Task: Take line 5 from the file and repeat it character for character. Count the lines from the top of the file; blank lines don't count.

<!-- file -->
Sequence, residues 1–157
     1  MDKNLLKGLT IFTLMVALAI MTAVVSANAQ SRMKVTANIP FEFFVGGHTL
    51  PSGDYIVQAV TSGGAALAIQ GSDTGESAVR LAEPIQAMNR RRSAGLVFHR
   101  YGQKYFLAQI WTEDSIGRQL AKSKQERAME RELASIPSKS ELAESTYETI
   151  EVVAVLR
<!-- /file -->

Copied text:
   151  EVVAVLR